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Correa and kin
Correa and kin
Arlene B. Tickner

-OpEd-

BOGOTA — The government of Ecuadoran President Rafael Correa released a somewhat Orwellian video last month that tries to turn the concept of dictatorship on its head.

The soundtrack of the video, which touts the administration's various achievements, is a schmaltzy pop song that goes: "If this is a dictatorship, then we've been had. Until recently I thought dictator meant a tyrant... If this is a dictatorship, then let's applaud the dictating heart."

The music is accompanied by pictures of mothers, babies, youth, the disabled and elderly, interspersed with public works and the natural landscape. The video is meant to remind us that Correa's "dictatorship" means progress, education, health and patriotic pride.

But in painting this emotional picture of a "kind" and "loving" state, the leftist government is essentially justifying its increasing crackdown on criticism. Under Correa, the state has impinged more and more press freedoms, even targeting satire. Authorities have also used provisions in the criminal code regarding terrorism, sabotage, rebellion and "incitement to discord" to prosecute indigenous chiefs, peasants, trade unionists and rights activists who oppose the president's environmental or labor policies.

Obscene gesture

Correa's disciplinary actions don't stop there. Earlier this year, he began a program called somosmas.ec (we're more) that uses civilian informants to monitor all negative opinions written about the president on social networking sites. A month ago, acting like a neighborhood bully, he stopped his convoy to personally confront a teenager making rude signs at him. The boy was detained and sentenced to 20 hours of community service for "discrediting the president with an obscene gesture."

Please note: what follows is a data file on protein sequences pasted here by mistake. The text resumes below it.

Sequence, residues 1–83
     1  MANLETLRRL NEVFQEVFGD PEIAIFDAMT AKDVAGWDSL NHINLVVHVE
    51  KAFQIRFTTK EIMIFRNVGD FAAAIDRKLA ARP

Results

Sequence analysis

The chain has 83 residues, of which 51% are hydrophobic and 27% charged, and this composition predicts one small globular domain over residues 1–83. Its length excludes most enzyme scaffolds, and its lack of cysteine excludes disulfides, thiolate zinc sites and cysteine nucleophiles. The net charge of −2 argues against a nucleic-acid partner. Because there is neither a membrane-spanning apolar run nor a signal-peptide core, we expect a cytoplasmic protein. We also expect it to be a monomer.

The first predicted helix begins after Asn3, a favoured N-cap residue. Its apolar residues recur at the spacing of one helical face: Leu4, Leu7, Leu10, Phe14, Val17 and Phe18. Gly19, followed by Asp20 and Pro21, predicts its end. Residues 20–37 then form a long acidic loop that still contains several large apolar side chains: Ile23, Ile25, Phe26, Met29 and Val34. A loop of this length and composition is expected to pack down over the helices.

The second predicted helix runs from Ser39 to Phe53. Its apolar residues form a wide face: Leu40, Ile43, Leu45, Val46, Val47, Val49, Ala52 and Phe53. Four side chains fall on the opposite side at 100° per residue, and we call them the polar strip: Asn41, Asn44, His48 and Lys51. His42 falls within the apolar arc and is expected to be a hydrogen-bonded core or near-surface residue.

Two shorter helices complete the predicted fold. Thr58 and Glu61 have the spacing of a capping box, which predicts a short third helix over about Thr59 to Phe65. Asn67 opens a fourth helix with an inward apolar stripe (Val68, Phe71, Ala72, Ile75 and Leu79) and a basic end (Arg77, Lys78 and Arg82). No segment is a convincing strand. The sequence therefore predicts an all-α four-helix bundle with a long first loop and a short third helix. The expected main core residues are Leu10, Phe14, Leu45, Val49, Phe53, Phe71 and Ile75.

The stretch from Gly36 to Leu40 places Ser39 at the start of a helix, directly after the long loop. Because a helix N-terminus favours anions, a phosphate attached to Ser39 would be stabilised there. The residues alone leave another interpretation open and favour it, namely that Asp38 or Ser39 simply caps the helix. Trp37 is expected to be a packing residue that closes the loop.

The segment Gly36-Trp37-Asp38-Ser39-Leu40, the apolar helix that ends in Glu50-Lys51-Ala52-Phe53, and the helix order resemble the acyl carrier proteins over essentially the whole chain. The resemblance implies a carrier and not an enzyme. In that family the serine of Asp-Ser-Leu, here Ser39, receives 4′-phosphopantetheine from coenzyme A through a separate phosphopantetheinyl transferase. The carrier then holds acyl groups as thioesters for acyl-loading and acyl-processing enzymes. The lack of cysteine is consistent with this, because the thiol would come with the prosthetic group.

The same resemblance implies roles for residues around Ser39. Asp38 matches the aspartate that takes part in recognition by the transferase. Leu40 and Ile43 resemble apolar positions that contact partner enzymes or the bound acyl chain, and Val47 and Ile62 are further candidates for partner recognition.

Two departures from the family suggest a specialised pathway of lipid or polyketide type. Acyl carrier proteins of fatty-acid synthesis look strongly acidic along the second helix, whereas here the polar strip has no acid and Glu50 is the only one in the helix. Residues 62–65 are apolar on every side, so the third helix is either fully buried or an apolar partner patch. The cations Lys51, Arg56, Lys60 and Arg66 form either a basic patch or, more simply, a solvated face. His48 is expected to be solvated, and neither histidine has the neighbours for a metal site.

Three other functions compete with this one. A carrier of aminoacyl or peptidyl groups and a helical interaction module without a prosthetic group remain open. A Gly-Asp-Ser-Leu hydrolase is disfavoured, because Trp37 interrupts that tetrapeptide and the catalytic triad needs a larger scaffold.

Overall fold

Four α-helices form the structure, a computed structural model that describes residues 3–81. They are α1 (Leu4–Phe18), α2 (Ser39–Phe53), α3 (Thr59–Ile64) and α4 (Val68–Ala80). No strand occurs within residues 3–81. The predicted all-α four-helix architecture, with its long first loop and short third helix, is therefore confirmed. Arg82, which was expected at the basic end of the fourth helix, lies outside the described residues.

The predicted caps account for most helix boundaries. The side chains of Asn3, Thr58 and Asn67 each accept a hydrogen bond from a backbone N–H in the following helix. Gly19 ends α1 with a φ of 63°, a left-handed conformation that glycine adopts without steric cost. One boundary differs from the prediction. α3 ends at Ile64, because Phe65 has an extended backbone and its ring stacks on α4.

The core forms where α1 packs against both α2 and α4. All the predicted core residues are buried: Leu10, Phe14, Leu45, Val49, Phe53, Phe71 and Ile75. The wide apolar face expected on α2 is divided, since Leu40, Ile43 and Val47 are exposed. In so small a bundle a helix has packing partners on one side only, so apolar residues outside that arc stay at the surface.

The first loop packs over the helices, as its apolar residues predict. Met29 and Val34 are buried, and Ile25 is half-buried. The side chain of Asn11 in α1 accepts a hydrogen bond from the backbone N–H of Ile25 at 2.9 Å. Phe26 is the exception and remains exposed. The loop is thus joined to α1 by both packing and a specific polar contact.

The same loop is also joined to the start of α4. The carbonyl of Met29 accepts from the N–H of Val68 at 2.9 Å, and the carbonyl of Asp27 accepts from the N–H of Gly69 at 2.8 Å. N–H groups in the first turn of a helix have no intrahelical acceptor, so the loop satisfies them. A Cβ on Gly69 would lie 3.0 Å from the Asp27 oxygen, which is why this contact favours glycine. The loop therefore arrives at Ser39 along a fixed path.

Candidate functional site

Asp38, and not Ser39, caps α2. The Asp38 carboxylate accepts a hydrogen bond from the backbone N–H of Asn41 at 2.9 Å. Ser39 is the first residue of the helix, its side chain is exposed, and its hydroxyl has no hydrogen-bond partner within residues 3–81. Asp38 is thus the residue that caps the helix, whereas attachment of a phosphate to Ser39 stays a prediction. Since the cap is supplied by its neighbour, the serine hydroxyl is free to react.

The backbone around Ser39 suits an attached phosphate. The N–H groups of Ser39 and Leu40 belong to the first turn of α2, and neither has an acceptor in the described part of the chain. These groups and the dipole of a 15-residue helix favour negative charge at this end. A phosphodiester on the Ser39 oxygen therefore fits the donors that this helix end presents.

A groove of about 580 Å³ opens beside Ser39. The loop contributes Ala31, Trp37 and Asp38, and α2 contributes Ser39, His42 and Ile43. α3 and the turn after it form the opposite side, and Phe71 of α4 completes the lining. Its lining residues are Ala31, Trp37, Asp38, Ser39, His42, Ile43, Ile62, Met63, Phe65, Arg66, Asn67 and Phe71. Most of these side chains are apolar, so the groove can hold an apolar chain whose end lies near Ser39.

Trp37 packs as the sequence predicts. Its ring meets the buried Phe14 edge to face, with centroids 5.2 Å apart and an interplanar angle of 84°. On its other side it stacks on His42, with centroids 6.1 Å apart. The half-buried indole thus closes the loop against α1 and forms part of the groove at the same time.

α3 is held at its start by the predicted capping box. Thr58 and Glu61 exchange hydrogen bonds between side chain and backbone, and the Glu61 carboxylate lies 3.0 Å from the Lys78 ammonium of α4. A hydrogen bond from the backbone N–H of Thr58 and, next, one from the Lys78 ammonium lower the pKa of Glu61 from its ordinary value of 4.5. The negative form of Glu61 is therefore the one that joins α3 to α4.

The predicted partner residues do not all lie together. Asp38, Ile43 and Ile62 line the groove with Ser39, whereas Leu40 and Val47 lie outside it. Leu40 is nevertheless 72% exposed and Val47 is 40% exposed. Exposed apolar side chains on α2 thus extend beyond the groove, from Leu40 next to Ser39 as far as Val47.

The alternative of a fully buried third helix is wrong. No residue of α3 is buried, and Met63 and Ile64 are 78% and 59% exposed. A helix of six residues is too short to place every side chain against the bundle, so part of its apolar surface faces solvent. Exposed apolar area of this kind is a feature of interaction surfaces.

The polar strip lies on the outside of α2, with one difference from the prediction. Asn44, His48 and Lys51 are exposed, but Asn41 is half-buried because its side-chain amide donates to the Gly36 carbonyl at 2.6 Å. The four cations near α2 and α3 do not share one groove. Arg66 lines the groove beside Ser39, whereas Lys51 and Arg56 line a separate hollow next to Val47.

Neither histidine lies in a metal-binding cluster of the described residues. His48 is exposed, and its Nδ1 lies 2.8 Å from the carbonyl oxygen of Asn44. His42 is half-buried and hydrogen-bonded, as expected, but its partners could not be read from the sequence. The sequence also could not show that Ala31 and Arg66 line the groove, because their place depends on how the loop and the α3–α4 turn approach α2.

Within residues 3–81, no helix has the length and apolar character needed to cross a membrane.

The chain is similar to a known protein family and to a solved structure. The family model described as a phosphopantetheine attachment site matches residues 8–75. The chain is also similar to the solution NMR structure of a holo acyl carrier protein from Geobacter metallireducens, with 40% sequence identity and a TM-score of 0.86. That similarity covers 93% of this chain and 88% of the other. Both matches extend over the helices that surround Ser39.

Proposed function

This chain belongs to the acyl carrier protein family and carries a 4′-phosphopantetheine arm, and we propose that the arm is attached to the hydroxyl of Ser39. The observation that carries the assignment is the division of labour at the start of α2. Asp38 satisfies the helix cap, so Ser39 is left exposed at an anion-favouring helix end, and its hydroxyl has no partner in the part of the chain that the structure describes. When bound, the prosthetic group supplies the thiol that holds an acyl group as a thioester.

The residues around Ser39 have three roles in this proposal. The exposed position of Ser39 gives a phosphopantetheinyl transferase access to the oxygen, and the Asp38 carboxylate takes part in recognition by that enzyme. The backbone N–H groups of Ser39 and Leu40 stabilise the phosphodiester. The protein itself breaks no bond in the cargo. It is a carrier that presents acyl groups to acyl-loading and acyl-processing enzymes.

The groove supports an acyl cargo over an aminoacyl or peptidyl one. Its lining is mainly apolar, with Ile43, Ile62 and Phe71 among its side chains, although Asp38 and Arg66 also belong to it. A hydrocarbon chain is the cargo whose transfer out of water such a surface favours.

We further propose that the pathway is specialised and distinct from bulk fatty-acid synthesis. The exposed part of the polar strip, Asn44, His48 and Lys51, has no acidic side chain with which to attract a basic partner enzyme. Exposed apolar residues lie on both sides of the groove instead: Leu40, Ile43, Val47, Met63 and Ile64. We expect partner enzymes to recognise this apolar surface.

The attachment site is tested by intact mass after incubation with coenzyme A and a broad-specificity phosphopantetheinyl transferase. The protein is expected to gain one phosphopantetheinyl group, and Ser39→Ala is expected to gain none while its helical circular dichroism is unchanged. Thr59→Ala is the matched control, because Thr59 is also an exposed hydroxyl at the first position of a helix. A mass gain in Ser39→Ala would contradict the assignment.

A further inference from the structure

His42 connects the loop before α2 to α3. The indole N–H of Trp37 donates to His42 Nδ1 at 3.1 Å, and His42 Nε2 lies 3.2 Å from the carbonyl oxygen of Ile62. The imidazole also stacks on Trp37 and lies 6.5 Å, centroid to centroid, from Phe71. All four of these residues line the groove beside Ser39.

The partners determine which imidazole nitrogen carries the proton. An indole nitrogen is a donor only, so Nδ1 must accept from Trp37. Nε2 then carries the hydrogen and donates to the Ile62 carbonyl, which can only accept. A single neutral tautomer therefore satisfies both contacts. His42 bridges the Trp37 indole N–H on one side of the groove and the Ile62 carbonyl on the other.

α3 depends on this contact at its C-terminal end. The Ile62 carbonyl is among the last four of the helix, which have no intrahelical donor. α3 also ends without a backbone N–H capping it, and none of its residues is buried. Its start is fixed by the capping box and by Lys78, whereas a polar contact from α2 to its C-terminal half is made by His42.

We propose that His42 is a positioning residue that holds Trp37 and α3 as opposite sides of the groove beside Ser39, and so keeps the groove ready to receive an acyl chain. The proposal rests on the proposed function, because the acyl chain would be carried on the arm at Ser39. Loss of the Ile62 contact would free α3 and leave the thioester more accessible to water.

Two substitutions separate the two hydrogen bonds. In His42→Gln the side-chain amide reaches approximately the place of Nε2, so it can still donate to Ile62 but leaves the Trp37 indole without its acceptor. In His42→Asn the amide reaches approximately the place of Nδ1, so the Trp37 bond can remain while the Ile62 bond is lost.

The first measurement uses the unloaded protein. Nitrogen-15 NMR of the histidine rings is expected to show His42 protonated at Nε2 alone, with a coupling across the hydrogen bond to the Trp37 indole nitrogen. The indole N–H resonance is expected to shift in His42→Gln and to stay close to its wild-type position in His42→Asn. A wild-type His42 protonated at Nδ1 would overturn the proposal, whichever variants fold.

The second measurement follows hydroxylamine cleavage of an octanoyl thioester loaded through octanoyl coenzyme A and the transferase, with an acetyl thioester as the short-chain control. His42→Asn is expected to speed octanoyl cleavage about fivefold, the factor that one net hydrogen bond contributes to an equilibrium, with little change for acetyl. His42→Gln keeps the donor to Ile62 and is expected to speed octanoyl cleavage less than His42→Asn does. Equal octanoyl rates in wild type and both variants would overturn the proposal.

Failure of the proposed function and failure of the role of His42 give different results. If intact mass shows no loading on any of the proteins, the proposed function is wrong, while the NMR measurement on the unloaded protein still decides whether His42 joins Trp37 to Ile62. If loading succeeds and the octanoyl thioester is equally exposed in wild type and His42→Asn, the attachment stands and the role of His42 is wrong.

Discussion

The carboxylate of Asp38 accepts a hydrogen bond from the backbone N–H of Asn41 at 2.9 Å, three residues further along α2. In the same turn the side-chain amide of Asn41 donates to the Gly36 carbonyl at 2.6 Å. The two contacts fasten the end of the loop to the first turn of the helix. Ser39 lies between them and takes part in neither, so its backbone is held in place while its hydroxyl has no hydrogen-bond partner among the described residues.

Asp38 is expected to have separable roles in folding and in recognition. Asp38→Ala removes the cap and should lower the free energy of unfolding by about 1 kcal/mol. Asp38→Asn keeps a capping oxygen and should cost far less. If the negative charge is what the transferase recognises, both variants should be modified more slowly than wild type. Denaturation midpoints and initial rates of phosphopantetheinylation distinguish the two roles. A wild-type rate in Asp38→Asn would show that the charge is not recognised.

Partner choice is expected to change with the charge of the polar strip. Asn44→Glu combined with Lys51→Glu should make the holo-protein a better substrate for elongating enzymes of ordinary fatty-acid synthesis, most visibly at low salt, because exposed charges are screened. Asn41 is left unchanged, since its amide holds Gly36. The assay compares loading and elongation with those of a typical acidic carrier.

More recently, massive protests took place in Ecuador against new tax laws (now on hold) targeting inheritances and profit margins. Correa's response was to denounce the demonstrations as a "coup conspiracy," and to challenge the protesters to topple him through a referendum.

Ecuador's "dictatorship of the heart" would like people to think that it is building a citizens' revolution. Instead it is shrinking and suppressing political participation, especially when positions expressed by citizens are at odds with the government's.

For now, the president's high (albeit declining) approval numbers suggest that a good many Ecuadorans are willing to forsake certain liberties and allow the "kindly" state to accumulate power in exchange for social and material benefits and better infrastructure.

But looking ahead, the country's shrinking economy, due to falling oil prices, could make this tutelary model of government unsustainable. An even bigger problem is that the "radical" 21st-century democracies — a group to which Ecuador claims to belong — are supposed to be based on direct citizen involvement and supervision, and on pluralism and non-coercive consensus building. Sadly, and in spite of Correa's undeniable achievements, none of these seem to be flourishing in Ecuador today.

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Dottoré!

Delusions Of Grandfather

"And where is your grandson?" — "Who knows. He must be old by now."

Mariateresa Fichele

“Dottorè, do you know that I am a grandpa?”

When Gennaro told me this, at first I thought he was being delusional. But then I looked into his eyes: They were lucid — not because of the drugs his psychiatric treatment required, but from some strong emotion, something real that had at last lit up in his gaze.

Gennaro had to have a grandchild somewhere, and therefore also a child.

Yet, he had spent his life in a psychiatric hospital until 1994, and when he left the hospital, there was no trace of his previous life.

"And where is your grandson?"

"Who knows. He must be old by now. Maybe he's a grandfather himself. I've only seen him once: My son brought him to meet me outside the Leonardo Bianchi psychiatric hospital, when it was still open. He was ashamed to bring the baby there, it was the first and last time he came to see me.

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